46 PROBLEMS IN MEANING
power that remain unrivalled";83 "The group around the beautiful dead animal . . . strikes us as pathetic rather than funny";84 "The landscape is developed in broad pastoral passages of supreme beauty";85 "Dainty female hands are as beautiful as flowers or gems set in stellar design. In the panel of the Calunnia in the Uffizi Gallery you see a beautiful group of three maidens." 86
In these examples, and in countless others like them, it is clear that a major function of the words "beauty" and "beautiful" is to express what the writers like. One might fairly substitute for "beautiful" such adjectives as "splendid," "distinguished," "lovely," "exquisite," and so forth. Such synonyms do not of course render the meanings more specific; they merely strengthen the argument that this sort of language is decidedly emotive.
But is not this language more than emotive? In addition to expressing subjective praise, do not the writers in some way wish to indicate that what they are speaking of is artistically successful or significant? Instead of merely expressing "what pleases me," are they not also pointing to referents that should please every judicious observer? If we answer these questions in the affirmative, as I think we should, one may then inquire: what is the nature of the objective referents? and to what extent do the writers intend to stress them? In an experimental attempt to answer these questions, a number of art historians interpreted the words "beauty" and "beautiful" in the quotations cited above. The results of this experiment in interpretation were so extraordinarily diverse that only one unanimous conclusion was arrived at: namely, that no satisfactory answers to the questions are ascertainable. In brief, although most laudatory uses of "beauty" seem to show some concern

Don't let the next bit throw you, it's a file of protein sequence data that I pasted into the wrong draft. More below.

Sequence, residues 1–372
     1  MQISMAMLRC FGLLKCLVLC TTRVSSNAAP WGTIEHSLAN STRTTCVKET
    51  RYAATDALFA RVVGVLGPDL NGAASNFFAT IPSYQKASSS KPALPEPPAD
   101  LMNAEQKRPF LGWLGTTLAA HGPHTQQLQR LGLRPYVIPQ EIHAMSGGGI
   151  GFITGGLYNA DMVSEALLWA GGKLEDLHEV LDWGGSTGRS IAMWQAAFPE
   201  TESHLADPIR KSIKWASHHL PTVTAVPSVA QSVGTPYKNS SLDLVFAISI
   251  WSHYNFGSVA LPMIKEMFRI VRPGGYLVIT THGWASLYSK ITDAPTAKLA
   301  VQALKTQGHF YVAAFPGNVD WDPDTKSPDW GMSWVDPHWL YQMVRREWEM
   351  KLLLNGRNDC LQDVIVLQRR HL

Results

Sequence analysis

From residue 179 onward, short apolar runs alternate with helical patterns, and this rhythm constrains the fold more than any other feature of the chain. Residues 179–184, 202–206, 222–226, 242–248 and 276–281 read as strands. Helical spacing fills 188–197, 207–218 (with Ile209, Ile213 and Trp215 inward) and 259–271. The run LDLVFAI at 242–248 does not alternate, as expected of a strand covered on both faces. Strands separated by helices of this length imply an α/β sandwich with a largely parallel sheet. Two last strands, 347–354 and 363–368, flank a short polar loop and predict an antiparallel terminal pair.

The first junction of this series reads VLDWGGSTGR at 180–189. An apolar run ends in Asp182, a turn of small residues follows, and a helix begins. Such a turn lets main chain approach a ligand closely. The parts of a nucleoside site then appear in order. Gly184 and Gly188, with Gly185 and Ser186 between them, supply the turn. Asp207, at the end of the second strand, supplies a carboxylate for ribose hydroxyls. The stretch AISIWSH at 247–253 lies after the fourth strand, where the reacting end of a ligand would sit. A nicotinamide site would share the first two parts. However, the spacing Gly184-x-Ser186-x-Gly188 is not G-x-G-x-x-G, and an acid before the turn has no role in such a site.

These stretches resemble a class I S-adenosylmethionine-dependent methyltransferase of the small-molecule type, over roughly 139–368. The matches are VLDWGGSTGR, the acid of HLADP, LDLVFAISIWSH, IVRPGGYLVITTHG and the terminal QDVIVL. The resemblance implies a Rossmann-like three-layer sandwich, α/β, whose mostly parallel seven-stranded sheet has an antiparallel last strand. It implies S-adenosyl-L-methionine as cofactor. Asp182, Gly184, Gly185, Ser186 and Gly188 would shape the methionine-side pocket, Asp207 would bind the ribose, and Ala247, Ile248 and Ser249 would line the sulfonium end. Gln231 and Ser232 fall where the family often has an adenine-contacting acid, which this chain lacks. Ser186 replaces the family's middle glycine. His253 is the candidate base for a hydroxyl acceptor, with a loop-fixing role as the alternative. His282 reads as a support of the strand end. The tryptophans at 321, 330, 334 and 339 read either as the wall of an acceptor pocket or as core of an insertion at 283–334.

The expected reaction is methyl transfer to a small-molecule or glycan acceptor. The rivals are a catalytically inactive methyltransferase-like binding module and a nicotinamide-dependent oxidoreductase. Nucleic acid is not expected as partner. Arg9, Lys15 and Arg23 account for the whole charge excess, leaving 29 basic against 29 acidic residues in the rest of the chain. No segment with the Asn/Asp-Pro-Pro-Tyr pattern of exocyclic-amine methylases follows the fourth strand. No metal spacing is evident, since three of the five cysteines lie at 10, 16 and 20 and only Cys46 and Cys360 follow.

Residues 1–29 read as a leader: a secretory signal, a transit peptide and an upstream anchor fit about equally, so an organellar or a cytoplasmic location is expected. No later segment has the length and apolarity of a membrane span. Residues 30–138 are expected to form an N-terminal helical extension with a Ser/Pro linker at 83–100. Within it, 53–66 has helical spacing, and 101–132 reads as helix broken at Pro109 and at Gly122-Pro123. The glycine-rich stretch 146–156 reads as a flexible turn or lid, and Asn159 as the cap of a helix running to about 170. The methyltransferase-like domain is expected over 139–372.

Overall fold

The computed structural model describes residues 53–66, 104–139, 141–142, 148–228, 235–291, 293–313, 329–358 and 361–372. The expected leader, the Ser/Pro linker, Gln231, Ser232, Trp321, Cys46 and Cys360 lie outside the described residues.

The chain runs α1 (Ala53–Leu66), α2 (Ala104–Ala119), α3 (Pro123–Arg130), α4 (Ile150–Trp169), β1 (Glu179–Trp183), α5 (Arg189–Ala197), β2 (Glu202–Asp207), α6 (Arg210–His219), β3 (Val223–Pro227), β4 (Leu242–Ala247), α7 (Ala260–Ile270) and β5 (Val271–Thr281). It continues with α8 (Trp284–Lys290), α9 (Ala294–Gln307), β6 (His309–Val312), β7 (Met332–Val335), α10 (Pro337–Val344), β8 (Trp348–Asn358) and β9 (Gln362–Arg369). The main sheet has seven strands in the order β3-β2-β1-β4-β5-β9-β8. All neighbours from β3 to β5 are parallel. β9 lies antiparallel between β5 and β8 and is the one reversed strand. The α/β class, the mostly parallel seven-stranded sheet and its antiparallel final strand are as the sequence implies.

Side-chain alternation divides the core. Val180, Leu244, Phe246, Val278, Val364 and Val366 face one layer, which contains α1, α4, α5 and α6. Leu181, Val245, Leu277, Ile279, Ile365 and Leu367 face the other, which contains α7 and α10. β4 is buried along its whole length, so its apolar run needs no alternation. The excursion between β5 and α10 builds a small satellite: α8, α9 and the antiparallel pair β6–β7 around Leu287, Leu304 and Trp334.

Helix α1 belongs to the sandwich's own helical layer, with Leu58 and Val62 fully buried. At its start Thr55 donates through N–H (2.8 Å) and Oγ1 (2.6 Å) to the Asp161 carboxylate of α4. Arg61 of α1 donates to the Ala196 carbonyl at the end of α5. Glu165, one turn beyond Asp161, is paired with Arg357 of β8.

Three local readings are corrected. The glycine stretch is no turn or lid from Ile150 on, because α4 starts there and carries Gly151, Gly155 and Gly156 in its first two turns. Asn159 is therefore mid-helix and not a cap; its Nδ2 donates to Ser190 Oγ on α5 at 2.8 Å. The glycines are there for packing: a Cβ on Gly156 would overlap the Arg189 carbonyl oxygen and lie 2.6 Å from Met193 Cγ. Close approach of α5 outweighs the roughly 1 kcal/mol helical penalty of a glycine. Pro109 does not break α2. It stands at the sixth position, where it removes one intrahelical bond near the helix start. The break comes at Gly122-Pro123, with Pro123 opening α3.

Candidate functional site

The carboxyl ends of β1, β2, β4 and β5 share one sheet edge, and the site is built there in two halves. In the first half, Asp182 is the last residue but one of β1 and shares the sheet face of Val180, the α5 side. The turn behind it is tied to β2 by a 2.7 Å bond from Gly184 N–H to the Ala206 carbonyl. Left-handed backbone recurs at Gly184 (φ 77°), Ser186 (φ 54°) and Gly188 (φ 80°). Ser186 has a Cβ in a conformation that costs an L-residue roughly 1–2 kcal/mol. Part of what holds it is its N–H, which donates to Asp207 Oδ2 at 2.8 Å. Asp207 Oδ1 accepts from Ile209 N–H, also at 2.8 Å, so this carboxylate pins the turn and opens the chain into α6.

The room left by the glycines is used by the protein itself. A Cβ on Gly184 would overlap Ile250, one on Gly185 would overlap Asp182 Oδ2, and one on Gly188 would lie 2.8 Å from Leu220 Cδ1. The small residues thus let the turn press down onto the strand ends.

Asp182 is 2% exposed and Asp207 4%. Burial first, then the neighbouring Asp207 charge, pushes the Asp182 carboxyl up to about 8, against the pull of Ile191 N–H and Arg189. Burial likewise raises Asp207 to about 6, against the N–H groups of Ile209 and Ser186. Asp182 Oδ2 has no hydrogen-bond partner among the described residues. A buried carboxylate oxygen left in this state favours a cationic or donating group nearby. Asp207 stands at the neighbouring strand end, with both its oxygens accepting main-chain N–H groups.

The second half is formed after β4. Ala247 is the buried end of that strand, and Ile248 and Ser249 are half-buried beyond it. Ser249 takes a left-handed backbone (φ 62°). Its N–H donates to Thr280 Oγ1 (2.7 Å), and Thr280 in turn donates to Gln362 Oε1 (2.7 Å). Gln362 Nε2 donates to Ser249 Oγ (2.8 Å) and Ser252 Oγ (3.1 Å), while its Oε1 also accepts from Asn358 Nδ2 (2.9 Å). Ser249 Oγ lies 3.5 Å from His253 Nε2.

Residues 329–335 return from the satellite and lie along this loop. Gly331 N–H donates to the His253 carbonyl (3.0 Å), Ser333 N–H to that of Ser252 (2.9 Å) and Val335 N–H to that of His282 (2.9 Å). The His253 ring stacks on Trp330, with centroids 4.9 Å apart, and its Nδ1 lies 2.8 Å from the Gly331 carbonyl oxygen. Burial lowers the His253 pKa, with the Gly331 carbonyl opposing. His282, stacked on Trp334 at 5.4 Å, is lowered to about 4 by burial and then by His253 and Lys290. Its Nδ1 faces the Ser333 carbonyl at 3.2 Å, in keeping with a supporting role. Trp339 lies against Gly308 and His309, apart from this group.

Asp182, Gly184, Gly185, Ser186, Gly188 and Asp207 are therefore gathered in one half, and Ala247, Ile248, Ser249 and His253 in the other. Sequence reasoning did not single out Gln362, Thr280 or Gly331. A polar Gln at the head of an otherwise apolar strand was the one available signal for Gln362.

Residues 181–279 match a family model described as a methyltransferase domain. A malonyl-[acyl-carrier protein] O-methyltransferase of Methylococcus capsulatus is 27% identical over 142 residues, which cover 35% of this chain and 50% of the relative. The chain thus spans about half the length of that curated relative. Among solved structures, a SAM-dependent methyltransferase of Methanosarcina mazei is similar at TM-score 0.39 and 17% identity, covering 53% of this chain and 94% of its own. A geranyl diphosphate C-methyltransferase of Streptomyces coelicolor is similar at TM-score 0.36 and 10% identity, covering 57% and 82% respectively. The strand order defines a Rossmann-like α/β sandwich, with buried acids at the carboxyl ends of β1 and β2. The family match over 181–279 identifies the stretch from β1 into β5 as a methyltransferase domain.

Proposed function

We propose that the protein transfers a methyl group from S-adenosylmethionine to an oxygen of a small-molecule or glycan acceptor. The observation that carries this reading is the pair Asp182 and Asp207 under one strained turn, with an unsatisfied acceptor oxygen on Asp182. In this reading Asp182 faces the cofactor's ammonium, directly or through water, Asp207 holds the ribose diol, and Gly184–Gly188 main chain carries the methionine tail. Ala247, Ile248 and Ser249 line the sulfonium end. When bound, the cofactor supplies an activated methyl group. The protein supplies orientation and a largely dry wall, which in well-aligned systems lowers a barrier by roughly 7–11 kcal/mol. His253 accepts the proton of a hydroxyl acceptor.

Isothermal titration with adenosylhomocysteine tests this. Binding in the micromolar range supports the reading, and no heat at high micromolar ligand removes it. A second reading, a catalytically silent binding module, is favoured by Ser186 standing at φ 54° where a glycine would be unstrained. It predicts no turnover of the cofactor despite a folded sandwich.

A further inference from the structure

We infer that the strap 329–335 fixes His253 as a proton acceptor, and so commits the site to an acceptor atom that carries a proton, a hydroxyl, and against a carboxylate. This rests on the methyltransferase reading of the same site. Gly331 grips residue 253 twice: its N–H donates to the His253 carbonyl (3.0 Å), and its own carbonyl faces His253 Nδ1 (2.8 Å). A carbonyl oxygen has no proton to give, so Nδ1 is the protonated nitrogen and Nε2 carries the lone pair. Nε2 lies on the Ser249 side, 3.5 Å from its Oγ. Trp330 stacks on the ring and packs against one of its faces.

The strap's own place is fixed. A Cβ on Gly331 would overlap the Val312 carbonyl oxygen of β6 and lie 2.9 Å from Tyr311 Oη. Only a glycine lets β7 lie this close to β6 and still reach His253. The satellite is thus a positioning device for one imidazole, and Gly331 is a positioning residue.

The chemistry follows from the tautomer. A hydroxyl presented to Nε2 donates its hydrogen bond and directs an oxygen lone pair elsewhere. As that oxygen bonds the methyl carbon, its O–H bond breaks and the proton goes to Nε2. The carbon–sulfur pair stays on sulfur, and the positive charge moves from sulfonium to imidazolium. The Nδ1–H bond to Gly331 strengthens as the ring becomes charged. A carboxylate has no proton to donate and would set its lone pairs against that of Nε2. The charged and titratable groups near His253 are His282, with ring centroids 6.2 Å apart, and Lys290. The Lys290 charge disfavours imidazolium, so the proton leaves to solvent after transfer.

83. Sir Charles Holmes, Raphael (London, 1933), p. 133.
84. Erwin Panofsky, Studies in Iconology (New York, 1939), p. 222.
85. Edith Abbot, The Great Painters (New York, 1927), pp. 166-167.
86. Yukio Yashiro, Sandro Botticelli (revised ed. Boston, 1929), p. 114.